Following a challenging three-day cyber-attack simulation, a student from De Montfort University Leicester (DMU) has been named among the best cyber security investigators in the UK.
Harrison, third from the left, posing for a winning photo
Beating thousands of hopefuls, Computer Security student Harrison Speight joined more than 40 other competitors – including DMU coursemate Chris Hatton - to protect a fictional shipping company from live cyber-attacks, finishing in the winning team.
Known as the Cyber Security Challenge UK Masterclass, the competition is a culmination of a year of both online and face-to-face qualifying rounds, and this year was developed by BT together with Airbus, Cisco and DMU’s Cyber Technology Institute (CTI).
Working in teams, contestants also conducted a forensic analysis to build a case against the corrupt ‘employee’ using cutting-edge industry tools provided by partners and sponsors, and a unique platform created by the CTI.
Each team presented evidence to a mock court of law, featuring real barristers, to prove that all information was obtained lawfully with enough evidence to bring action upon the ‘employee’.
The winning team hard at work
Currently on a year-long work placement, 20-year-old Harrison from Milton Keynes, said: “The masterclass was one of the most exciting cyber events I've ever been to. It was really well organised and contained plenty of challenging exercises throughout the three days.
“I think this experience will help my future career as the masterclass is definitely something employers recognise as unique and I feel super fortunate that I was able to compete in it.”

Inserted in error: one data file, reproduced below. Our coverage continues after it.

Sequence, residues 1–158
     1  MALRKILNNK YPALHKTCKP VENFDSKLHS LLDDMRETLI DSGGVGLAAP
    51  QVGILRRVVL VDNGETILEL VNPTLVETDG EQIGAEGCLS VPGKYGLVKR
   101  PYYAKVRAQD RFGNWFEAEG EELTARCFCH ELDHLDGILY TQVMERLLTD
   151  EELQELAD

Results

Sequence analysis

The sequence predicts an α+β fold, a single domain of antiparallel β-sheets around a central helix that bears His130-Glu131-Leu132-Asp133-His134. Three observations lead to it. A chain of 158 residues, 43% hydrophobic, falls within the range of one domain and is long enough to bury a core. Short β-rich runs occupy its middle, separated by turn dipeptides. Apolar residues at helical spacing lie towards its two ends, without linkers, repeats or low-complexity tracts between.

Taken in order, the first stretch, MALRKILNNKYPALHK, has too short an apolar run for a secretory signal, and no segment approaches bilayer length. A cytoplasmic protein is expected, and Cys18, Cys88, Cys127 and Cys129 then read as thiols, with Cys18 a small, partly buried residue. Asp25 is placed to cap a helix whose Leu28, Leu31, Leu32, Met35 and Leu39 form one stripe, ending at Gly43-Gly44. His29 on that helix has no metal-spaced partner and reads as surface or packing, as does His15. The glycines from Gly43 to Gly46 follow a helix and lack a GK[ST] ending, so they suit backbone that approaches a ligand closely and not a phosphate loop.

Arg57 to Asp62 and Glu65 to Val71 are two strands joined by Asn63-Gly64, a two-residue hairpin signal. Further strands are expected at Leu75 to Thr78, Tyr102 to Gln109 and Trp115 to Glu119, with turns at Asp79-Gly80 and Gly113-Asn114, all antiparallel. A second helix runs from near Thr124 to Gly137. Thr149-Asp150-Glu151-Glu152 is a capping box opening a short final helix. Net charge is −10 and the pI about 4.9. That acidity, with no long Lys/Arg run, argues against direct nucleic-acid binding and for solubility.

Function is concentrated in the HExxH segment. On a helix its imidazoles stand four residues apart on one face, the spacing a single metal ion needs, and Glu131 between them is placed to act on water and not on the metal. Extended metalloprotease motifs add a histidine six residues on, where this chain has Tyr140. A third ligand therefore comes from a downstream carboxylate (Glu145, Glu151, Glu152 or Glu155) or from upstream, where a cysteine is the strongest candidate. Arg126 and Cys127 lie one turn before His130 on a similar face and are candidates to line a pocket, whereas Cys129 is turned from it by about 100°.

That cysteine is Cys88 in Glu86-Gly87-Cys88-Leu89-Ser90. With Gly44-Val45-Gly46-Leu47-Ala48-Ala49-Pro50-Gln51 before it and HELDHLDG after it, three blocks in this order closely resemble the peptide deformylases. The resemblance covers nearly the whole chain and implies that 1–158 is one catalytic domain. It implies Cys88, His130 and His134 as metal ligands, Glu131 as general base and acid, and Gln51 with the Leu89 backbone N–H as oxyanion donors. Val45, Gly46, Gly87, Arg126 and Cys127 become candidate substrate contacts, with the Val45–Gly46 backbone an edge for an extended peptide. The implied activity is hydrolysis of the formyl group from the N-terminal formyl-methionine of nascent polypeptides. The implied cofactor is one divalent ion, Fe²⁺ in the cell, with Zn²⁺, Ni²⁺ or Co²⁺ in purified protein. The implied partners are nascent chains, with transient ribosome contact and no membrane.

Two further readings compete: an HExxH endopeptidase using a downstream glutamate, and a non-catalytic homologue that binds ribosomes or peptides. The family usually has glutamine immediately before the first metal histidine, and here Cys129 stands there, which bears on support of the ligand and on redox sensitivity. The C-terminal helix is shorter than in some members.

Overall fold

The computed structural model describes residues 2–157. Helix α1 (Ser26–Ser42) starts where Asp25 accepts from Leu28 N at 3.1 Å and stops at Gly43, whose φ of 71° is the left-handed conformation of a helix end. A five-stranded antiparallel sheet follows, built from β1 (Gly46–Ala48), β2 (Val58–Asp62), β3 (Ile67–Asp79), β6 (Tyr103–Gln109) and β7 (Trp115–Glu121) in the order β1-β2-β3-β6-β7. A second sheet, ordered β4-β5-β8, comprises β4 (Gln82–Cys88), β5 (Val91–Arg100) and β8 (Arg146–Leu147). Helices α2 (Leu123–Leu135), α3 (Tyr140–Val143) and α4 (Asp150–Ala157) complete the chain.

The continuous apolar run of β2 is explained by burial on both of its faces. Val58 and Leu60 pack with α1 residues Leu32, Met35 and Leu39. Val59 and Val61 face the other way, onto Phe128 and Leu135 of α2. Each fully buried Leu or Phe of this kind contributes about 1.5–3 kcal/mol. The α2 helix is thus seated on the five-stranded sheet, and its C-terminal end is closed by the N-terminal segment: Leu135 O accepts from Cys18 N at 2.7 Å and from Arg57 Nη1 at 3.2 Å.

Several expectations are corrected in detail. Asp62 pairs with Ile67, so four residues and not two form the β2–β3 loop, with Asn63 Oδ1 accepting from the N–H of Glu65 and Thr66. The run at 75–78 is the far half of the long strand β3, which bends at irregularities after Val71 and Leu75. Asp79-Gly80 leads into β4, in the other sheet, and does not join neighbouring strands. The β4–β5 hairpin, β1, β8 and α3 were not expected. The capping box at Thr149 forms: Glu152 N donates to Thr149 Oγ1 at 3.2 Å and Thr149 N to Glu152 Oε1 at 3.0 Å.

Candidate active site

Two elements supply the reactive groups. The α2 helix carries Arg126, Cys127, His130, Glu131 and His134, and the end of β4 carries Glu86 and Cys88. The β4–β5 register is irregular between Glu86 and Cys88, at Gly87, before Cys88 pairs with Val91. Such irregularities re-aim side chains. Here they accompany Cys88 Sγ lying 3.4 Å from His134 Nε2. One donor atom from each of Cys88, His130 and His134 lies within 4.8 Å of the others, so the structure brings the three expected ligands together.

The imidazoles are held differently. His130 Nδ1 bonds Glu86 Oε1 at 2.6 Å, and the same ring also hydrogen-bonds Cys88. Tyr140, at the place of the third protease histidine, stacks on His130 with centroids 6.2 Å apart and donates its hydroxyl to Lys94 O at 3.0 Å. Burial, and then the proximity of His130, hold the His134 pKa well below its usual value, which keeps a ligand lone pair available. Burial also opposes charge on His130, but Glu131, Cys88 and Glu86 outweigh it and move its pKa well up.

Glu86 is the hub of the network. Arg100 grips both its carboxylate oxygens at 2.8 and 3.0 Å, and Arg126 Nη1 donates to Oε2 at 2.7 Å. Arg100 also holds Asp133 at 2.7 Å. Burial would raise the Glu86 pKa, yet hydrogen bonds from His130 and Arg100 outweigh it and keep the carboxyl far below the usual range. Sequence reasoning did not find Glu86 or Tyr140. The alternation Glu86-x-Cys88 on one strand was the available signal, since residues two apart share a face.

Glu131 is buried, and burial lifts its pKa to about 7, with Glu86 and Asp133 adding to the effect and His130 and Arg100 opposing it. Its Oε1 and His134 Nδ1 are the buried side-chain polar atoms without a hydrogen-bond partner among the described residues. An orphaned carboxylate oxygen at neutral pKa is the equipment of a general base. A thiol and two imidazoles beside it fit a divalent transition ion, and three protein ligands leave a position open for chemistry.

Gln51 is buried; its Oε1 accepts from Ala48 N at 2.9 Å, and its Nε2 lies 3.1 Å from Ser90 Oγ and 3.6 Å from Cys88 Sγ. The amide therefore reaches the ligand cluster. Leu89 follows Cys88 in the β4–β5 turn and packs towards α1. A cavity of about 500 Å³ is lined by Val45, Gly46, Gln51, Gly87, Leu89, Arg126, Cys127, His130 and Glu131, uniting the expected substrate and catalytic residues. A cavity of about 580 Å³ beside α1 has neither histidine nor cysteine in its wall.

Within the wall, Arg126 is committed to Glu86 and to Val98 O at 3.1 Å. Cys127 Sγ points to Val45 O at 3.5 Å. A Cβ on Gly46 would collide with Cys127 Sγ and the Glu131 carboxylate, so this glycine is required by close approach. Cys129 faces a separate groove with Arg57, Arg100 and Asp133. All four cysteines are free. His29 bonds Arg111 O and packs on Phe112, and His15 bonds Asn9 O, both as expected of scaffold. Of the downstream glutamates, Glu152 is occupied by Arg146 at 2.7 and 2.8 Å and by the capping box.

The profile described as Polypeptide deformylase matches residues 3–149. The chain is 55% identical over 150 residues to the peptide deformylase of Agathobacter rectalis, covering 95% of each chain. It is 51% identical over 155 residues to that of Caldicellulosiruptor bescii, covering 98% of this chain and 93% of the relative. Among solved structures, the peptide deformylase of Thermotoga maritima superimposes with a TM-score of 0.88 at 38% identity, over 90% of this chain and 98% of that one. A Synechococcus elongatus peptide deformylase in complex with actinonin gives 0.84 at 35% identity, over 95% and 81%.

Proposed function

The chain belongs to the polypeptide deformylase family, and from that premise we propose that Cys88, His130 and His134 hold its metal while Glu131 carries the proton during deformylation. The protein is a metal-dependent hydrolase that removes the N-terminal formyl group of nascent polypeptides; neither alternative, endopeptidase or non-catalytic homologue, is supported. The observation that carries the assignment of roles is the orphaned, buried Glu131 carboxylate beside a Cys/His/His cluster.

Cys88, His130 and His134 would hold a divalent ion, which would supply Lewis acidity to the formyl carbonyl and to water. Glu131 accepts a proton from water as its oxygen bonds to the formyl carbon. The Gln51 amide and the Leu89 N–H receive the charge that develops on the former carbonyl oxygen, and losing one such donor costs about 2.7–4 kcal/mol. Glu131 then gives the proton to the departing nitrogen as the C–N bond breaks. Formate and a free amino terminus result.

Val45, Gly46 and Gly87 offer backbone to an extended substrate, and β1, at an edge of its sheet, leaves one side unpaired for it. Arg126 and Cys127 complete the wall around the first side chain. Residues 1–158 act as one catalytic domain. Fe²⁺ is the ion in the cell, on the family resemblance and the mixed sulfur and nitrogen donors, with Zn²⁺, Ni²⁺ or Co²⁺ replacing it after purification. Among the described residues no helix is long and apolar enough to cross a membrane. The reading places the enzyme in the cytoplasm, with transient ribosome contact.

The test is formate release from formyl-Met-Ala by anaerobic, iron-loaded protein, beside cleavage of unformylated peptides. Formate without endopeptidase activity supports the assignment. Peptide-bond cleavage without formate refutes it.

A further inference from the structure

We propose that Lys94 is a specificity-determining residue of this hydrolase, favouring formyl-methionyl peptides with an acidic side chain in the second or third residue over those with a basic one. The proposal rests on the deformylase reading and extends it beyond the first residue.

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Career-enhancing prizes to the tune of £120,000 were also up for grabs, with Harrison winning a place on an intensive one-week cyber security training course, a VIP experience at the BT Sports studios and a membership to professional cyber security group (ICS2).
“I also won tickets to the Black Hat cyber security conference worth around £1,600, which is something I'm really looking forward to. I've always watched Blackhat talks on YouTube, but never thought I'd have the opportunity to attend the event for free,” said Harrison.
Through his involvement in DMU Hackers, Harrison felt well-prepared for the masterclass, saying: “Without everything I’ve learned from the society, I think I would have really struggled qualifying online and through the face-to-face rounds.”
Chris, pictured with Professor Janicke, all set to study at postgraduate level at DMU
Second-year Computer Security student and DMU Hackers Secretary Chris Hatton described the masterclass as an “intense and absolutely amazing” experience.
The 21-year-old from Birmingham said: “It was really different to what I expected as I’m used to working as an attacker. As a defender it can feel like you’re always one step behind, which was daunting, but it gave me insight into a role I’d never considered before.”
Chris, who initially left sixth form with no plans to study at university, also won a prize for his performance at the masterclass - a fully paid-for place to study Cyber Security MSc at DMU.
“I never thought I’d study at postgraduate level, so it’s amazing how far I’ve come since completing a Foundation Year in Computing,” he said.
“I’ve been hacking from a young age, but my course and DMU Hackers have shown me how you can make a career out of it.”
Professor Helge Janicke, DMU Director of the CTI, said: "We have a strong history with Cyber Security Challenge and were very proud to hear that Harrison and Chris had qualified for the masterclass.
“Their success at the final is an indication of the quality of our Computer Security students here at DMU and the opportunities that our programmes offer to our graduates."
This year’s competition was also supported by Checkpoint, Darktrace, 4 Pump Court, the National Crime Agency and the Bank of England.
Posted on Wednesday 29th November 2017